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I imported another stylesheet using @import in the main style sheet file. I would like the changes I have made in the @import stylesheet to override the main style sheet. Is this possible?

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2  
Do the @import after the main style sheet and you should be fine –  Pekka 웃 Oct 3 '11 at 21:52
    
Just tried it and now it's no longer loading –  Kenshi Oct 3 '11 at 22:11

3 Answers 3

up vote 6 down vote accepted

If your goal is to override styles by importing another stylesheet, you should use the order of precedence.

<head>
    <title>Title</title>
    <link href="style.css" rel="stylesheet" type="text/css" />
    <link href="style-override.css" rel="stylesheet" type="text/css" />
</head>

Here the style.css is the original and style-override.css would contain your new custom css. These styles will override the styles from style.css. This means you won't need to use !important because the style is overwritten.

Avoid !important whenever you can.

To do @import

<style type="text/css">
  @import url("style.css");
  @import url("style-override.css");
</style> 

Also as a side note if you would rather remove all styles from the page, use a css reset.

<style type="text/css">
  @import url("style.css");
  @import url("reset.css");
  @import url("style-override.css");
</style> 

Check out a CSS reset at http://meyerweb.com/eric/tools/css/reset/ and add it to reset.css.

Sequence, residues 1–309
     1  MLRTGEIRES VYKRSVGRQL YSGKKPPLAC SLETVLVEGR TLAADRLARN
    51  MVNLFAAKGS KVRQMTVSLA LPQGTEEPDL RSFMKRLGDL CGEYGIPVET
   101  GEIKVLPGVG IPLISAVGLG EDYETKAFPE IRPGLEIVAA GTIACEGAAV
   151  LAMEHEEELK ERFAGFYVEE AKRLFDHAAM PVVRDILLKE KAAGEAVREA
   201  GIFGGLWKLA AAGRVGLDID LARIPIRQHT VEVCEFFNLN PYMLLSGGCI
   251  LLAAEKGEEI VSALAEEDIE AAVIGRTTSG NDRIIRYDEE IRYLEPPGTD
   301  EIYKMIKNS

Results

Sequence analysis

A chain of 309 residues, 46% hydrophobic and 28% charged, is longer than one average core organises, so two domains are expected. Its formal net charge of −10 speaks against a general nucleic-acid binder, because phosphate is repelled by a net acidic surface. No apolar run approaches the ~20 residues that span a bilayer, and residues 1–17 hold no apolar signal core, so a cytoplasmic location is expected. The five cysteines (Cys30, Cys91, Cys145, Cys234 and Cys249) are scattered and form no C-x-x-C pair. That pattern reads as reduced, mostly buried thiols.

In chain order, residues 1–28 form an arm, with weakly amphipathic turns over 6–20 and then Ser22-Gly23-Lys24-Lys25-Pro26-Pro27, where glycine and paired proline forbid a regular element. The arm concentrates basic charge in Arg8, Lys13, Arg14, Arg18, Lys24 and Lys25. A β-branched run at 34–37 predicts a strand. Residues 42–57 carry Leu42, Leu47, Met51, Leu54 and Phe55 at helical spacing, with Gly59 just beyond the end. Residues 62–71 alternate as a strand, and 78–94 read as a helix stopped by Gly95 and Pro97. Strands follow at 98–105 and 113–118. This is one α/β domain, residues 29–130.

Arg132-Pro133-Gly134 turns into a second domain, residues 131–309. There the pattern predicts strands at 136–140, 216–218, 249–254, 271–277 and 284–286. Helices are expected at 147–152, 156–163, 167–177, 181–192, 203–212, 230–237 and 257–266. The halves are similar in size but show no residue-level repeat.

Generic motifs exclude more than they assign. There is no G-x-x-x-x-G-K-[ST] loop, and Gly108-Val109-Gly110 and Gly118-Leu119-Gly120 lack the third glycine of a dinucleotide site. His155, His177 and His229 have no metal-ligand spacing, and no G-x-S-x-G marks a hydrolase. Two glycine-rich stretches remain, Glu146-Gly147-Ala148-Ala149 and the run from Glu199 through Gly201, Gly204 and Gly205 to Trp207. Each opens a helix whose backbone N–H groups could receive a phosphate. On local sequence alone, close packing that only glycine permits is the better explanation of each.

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this worked thanks! –  Kenshi Oct 3 '11 at 22:26

@import the second stylesheet at the end of the first.

You're confusing !important and @import

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Tried to add the @import at the end it's not loading the css anymore. I don't want to use !important because I would have to do that for everything I want to change there has to be an easier way. –  Kenshi Oct 3 '11 at 22:12

If your second stylesheet uses the same selectors, then it should override the first without any problem.

CSS has a very strict order of precedence for determining which one should be used, but if all else is equal and two styles have exactly the same precedence level, then it will use the one which was specified last. This allows you to override a style simply by repeating the same selector later on.

The only exception to this is if the first style was specified as !important. In this case, it is much harder to override it. Even specifying another style as !important may not always work (I've seen cases where it worked in some browsers but not others).

So if the previous stylesheet used !important then you may have problems overriding it. But if not, it should be fairly simple.

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